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The Sun Magazine

Fiction

Good Night

And even after all that, even after everything I’d said to him earlier, he still came to say good night before he went to bed, the way he had when he was a little boy.

A Kiss For Mrs. Sissle

We did come upon a low cave, ten or so feet to the back, but there was nothing inside except empty beer bottles and a white paper bag shaped like a cat. So we sat like castaways at its entrance, knees touching, and watched the hourglass glitter of the moon on the black surface of the ocean. That was all. It was my first experience of nervous teenage heaven, and I doubted I would ever know anything so fragile and sublime again.

The Full Eighty-Eight

They were living off Floreta’s pay now. Money was tight, but it had always been that way, forty years of never catching up. If they ever did get a little bit ahead, something always happened: a recession, a car crash, a broken bone, an illness.

Mother’s Helper

Our mother never threatened and then hit us. It was always either/or. Plus, she struck us only when we were at home. It helped define the place. We could not have told you why she hit us at all — beatings, rash and random, born of a fury we could neither comprehend nor forecast — but we knew we were safe at Erma’s house.

Step Nine

I knew early on that Max was special. She was a taut-bodied pit-bull mix but without the meanness, even in appearance, that her breed is known for. She must have been the kind of dog who rolls over as soon as she sees you so you can pet her belly, like in the photograph on your flier.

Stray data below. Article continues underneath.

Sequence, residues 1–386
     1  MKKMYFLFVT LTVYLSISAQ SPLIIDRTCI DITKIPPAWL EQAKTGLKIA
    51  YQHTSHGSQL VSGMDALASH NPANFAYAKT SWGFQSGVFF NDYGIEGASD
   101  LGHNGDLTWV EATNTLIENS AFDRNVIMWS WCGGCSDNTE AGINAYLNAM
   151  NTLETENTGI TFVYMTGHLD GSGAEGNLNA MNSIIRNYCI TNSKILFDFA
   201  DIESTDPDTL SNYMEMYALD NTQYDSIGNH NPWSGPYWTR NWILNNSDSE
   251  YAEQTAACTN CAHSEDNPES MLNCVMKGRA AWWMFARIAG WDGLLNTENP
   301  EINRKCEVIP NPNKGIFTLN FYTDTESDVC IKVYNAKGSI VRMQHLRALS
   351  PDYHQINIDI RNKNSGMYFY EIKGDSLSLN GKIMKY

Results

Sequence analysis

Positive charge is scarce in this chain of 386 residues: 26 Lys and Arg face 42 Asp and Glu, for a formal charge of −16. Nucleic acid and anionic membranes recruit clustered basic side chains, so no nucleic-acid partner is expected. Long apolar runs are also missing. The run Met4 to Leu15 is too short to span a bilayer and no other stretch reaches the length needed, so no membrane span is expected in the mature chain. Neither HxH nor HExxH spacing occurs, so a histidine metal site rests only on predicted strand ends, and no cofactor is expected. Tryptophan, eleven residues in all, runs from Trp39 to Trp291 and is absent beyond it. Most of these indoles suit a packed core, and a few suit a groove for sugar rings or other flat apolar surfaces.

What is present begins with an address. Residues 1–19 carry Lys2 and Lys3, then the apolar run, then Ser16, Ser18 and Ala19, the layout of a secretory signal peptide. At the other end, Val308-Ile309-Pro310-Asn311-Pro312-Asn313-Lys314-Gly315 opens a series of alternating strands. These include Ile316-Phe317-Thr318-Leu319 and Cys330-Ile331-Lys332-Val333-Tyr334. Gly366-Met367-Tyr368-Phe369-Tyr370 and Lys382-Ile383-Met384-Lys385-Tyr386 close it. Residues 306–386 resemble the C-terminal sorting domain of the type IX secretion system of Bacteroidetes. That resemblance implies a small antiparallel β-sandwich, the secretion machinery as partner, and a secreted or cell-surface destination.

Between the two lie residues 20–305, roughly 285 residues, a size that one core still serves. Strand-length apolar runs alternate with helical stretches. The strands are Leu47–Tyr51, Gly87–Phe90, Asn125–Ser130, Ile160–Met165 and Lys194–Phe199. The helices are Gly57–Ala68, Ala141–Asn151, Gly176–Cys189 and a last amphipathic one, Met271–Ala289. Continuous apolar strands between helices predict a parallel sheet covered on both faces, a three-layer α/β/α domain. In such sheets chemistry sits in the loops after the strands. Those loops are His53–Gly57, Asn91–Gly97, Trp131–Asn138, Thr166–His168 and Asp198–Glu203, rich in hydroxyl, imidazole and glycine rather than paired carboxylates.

The Magician

In 1976, the year we were supposed to be learning the metric system, we fell in love with Katy Muldoon. We were in the sixth grade, and Katy sat at the front of our math class, raising her hand for every question, as though all of the answers to all of the problems were merely floating in front of her eyes.

Wanderlust

We typed slowly and carefully: RussianBride.com. UkranianDelight.com. YourRussianLove.com. And, just like that, there we were — or, at least, versions of ourselves: women of eighteen, twenty-two, thirty-one who looked like us and wanted what we wanted. We sat before this machine — one part oracle, one part mirror — enchanted by the possibilities and all wishing the exact same wish.

Stethoscope

I am always asking doctors about their medical equipment, so I know that the stethoscope was popularized not because it improved a doctor’s ability to hear a heartbeat — although it had that effect, too — but because in nineteenth-century France it was considered improper to put one’s ear to a man’s chest or, especially, a woman’s bosom. The amplified heartbeat was secondary to the stethoscope’s main function, decorum.